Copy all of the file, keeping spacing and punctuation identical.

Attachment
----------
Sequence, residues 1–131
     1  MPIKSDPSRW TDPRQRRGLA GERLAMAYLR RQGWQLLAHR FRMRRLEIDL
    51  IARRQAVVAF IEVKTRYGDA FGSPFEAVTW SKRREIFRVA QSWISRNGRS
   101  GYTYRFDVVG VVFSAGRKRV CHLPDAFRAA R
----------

Sequence, residues 1–131
     1  MPIKSDPSRW TDPRQRRGLA GERLAMAYLR RQGWQLLAHR FRMRRLEIDL
    51  IARRQAVVAF IEVKTRYGDA FGSPFEAVTW SKRREIFRVA QSWISRNGRS
   101  GYTYRFDVVG VVFSAGRKRV CHLPDAFRAA R